Overexpression of MicroRNA-125b Causes and Progresses Leukemia

The National Cancer Institute estimates that more than 43,000 people will be diagnosed in the United States with some form of leukemia leading to nearly 22,000 people losing their lives in 2010.

The ailment is commonly known as blood cancer. Here, malignant rogue cells grow in an uncontrollable fashion posing threat to the existence of healthy cells by outnumbering them. Either cells of the immune system become lower in number or the blood cell count is decreased. The result is decrease in the immune capabilities of the body or a fatal condition called anemia.

Now, researchers at the Whitehead Institute have discovered that “overexpression of the microRNA 125b (miR-125b)” can be a reason behind the origin of several types of leukemia and in accelerating the progression of the ailment.

The results of their study were published in the online edition of the journal, the Proceedings of the National Academy of Sciences (PNAS), on the last week of November 2010. The study was supported by the National Institutes of Health (NIH), Association pour la Recherche sur le Cancer (ARC) and the Leukemia and Lymphoma Foundation.

Basics to Appreciate the Research Findings: According to the central principle of Biology, the basic building blocks of life are cells which follow instructions for their functioning known as genes. These genes are chemical structures made up of DNA molecules.

RNAs are the molecules which read these instructions called genes and produce chemicals called proteins which carry out the functions of cells eventually. For some uncontrollable reasons when the position of the molecules in the genes change, the process is called mutation. Change in the structure alters the functionality of cells too.

Knowledge Gained from the Research on the MicroRNA 125b (miR-125b) Over-expression:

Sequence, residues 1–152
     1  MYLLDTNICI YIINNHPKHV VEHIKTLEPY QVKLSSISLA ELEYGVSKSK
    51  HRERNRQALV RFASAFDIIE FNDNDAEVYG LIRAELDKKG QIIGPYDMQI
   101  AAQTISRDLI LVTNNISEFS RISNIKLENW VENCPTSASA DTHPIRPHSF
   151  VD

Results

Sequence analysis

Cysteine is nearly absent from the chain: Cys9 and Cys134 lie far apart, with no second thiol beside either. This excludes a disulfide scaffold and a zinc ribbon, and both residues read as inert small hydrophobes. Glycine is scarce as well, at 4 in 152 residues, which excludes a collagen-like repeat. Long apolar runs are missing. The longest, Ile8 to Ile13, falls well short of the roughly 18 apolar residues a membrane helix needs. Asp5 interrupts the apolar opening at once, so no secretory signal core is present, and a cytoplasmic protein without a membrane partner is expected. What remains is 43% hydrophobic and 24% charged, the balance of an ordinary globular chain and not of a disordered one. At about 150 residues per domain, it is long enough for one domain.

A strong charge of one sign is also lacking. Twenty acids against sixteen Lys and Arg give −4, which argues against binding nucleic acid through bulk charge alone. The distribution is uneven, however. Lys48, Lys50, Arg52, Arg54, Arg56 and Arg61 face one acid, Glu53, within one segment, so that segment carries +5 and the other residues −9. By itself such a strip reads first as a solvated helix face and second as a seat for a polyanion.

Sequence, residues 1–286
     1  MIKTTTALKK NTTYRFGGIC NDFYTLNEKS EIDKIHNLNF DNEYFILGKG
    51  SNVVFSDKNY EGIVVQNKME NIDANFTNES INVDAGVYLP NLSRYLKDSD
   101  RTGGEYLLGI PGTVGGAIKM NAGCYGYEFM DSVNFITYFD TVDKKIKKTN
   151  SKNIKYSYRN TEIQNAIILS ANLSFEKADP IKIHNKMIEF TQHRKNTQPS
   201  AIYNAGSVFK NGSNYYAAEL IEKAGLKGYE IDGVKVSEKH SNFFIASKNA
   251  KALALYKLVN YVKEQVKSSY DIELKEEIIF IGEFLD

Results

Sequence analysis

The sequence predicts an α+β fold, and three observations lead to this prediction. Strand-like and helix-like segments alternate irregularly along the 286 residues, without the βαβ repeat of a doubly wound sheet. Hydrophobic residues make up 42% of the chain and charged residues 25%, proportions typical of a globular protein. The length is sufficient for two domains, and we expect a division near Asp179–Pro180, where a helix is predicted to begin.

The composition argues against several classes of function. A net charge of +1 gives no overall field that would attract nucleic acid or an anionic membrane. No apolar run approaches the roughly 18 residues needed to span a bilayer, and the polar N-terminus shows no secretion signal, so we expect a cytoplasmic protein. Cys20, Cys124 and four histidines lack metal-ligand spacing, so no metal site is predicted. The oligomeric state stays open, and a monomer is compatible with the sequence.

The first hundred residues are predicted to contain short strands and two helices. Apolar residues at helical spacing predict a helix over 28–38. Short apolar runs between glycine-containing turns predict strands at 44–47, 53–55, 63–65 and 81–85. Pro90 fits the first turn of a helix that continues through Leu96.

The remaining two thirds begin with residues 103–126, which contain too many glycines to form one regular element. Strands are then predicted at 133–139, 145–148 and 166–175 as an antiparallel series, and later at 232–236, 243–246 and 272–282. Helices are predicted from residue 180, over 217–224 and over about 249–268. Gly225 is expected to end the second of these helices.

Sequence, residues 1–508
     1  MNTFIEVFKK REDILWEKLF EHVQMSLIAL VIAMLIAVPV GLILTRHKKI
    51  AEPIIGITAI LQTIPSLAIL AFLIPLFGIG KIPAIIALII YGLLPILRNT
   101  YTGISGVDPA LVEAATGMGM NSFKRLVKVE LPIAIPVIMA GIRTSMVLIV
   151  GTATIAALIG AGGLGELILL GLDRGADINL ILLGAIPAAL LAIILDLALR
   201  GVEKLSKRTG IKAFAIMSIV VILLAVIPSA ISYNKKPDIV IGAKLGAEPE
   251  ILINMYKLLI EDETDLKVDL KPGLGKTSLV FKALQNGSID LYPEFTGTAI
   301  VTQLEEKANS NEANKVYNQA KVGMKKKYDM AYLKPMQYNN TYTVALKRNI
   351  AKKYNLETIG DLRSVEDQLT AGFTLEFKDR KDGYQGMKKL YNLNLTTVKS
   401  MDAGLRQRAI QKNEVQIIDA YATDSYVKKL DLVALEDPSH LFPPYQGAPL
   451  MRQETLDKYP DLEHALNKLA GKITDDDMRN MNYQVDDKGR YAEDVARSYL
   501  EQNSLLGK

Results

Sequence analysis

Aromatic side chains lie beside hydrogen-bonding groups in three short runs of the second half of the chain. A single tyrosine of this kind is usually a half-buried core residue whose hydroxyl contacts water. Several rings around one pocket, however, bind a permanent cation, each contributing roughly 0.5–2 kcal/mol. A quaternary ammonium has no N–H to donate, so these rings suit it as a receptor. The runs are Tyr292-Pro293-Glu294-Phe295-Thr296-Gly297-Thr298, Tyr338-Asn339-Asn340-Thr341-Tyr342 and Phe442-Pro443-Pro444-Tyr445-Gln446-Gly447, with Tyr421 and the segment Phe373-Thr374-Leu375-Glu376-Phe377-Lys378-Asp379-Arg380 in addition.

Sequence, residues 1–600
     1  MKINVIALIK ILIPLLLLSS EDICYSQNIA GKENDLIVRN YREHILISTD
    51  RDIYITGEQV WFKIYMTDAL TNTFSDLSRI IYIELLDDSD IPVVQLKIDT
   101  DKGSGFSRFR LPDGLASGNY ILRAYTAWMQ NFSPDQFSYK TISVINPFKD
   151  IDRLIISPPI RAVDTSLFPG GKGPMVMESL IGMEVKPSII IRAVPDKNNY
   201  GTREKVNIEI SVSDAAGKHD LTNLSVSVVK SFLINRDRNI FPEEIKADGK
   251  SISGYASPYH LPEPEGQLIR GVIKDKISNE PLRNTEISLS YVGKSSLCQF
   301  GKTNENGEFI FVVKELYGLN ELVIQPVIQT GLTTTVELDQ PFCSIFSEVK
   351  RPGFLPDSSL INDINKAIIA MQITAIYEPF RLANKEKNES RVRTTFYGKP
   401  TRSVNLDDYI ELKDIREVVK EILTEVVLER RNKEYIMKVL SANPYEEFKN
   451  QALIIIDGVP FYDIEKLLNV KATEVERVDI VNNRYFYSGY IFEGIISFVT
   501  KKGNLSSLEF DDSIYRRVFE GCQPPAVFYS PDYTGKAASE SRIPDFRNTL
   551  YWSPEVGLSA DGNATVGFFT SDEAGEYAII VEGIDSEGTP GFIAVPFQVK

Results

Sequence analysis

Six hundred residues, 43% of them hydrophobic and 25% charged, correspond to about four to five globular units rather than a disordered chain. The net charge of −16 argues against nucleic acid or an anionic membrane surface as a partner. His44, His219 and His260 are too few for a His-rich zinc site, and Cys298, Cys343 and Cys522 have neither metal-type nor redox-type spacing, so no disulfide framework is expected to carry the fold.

• It was a known fact to the researchers that the levels of microRNAs are high in many cancers.
  • The researchers wanted to learn whether this very reason can be the cause of the disease’s origin or not in laboratory mice and in humans.
  • Cancer disease is caused as such when genetic mutations (or changes in chemical structure of genes) cause healthy cells to turn malignant.
  • Very little is known on the subject of mutations which cause blood cancer and its several types.
  • The researchers selected a less explored mutation which leads to over-expression of miR-125b RNAs in some blood cancer patients.
  • These RNAs are associated with functioning of genes which regulate the process of programmed cell death (apoptosis).
  • The study found that mutation of the interest here changed the expression of the microRNA 125b by 90 times compared to its normal expression.
  • To check whether over-expression of this RNA can cause blood cancer on its own, the researchers injected fetal liver cells into laboratory mice which increased the production of miR-125b.
  • There were extremely high levels of this RNA produced in the mice after a period of 16 weeks.
  • In between 12 and 29 weeks, 50 percent of the transplanted mice lost their lives from B-cell acute lymphoblastic leukemia, myeloproliferative neoplasm or T-cell acute lymphoblastic leukemia which are different types of blood cancers.
  • The next step in the research was to prove whether the RNA played a role in the rapid progression of the disease.
  • The researchers transplanted bone marrow cells in the laboratory mice with mutation which overproduced miR-125b.
  • The rats with this transplantation survived for 21 days when compared to the rats without this mutation which survived for 35 days.

Conclusion: The research study proved that miR-125b over-expression can cause blood cancer and also rapidly progress the ailment. Though the genes associated with miR-125b are yet to be identified, the researchers believe that these genes play a role in the fast growth of rogue cells and their early maturation.

Further studies of the research work will be focused on identification of the many target genes of miR-125b. Any development in this field can open up doors for single and novel treatment for many leukemia types.

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